Jamieson says Avanti’s offering is between a traditional lender, which may take a week or two to turn an application round, and a fintech player, which tends to be about instant application and approval or decline.”
Spata explains that flexigroup has redefined its strategy over the past year. It is now focused on three core offerings – BNPL, credit cards and leasing – and is streamlining origination systems and processes to ensure scalability and facilitate growth. “We recognise the need to have the best digital platforms to enable us to offer the best customer experience we can. We will continue to invest in simplifying and enhancing our technology as part of our transformation,” Spata explains.
Latitude sees BNPL as a customer-acquisition play. Zileli says the company’s new BNPL product is unlikely to make an immediate impact on the overall asset book. But Latitude wants to engage with customers at an early stage of financial independence.
Another challenge for nonbanks in areas like auto and consumer loans is the chillier economic environment of 2019.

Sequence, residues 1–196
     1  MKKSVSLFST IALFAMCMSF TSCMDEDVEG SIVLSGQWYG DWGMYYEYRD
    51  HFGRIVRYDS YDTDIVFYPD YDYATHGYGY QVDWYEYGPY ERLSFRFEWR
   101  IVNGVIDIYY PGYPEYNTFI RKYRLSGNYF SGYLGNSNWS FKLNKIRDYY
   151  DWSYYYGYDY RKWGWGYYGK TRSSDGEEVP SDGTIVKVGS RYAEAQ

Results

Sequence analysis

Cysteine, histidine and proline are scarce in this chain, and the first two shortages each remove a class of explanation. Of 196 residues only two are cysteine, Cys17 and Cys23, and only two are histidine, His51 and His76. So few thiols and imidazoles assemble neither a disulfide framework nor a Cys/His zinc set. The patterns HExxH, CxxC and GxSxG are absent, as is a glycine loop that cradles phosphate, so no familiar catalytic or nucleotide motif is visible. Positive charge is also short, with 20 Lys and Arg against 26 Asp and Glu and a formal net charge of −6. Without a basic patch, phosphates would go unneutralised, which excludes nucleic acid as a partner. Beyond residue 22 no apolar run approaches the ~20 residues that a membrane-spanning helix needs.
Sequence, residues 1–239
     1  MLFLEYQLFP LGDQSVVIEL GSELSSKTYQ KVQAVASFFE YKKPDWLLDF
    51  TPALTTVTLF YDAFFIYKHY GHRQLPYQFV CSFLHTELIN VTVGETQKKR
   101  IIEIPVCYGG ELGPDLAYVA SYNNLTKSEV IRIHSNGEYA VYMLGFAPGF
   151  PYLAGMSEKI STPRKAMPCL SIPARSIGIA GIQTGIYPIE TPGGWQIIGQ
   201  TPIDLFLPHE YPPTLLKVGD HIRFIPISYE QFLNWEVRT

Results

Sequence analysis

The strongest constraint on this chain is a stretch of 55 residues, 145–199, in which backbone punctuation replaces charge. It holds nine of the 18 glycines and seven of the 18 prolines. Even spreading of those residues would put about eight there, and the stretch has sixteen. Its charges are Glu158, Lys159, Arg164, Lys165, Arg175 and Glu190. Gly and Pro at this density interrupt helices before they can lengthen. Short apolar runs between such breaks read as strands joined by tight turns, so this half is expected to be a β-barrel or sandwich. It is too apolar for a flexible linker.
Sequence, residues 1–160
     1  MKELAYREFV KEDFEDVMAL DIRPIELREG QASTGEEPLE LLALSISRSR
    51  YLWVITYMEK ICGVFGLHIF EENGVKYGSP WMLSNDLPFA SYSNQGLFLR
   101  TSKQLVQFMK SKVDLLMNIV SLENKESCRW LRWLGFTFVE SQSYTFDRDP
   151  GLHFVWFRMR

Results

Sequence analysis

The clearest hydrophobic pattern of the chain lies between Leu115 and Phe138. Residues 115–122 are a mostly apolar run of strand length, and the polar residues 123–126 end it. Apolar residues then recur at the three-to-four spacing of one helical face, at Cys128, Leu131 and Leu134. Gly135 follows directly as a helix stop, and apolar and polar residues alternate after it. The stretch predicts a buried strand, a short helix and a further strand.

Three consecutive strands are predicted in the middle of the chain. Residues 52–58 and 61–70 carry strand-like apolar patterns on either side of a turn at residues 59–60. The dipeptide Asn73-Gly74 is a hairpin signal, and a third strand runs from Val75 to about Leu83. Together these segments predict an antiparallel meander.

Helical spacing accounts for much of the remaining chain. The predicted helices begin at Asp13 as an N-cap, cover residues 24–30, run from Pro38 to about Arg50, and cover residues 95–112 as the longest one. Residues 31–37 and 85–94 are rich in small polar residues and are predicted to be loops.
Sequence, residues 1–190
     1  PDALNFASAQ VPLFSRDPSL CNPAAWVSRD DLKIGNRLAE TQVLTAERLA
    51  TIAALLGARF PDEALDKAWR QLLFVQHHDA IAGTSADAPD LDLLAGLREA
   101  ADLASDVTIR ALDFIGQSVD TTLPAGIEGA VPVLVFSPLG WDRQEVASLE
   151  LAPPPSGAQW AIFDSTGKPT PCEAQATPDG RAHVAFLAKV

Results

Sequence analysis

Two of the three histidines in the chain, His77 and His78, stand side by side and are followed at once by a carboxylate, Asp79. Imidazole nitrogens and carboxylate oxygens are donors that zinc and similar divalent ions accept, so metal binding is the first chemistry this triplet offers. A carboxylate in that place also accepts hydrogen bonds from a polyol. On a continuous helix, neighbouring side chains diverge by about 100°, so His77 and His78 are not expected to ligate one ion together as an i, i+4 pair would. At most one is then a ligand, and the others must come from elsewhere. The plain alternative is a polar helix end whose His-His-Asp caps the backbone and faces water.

Jamieson acknowledges: “Motor-vehicle sales growth is down in Australia and we expect it will be similar in New Zealand in the next little while. Both countries have GDP growth coming off and confidence also declining a bit, while household debt is at really high levels in both countries. I think we will see a slight slowing the auto space.”
Overall, however, the downturn has been marginal so far. “Although card-receivables balances have been coming down the actual spend on credit cards has not reduced. People are still spending but they are also paying off their credit cards on the due date,” Zileli reveals. “There hasn’t been a noticeable impact on our business despite the softness we are seeing in retail spending and consumer sentiment – certainly not in arrears.”
Nonbanks aim to maximise the value of their offerings, and thus their market share, even in tougher market conditions. The traditional credit-card market may be shrinking overall, for instance. Zileli says increasing use of debit cards and BNPL – which does not show up in credit-card data – has likely cut into volume. But this does not remove the nonbank opportunity.
“Despite the reducing system level of credit-card receivables, Latitude is still growing its market share,” Zileli reveals. “We are maintaining some momentum by constantly trying to improve our offering through digitisation, thereby making life easier for borrowers.”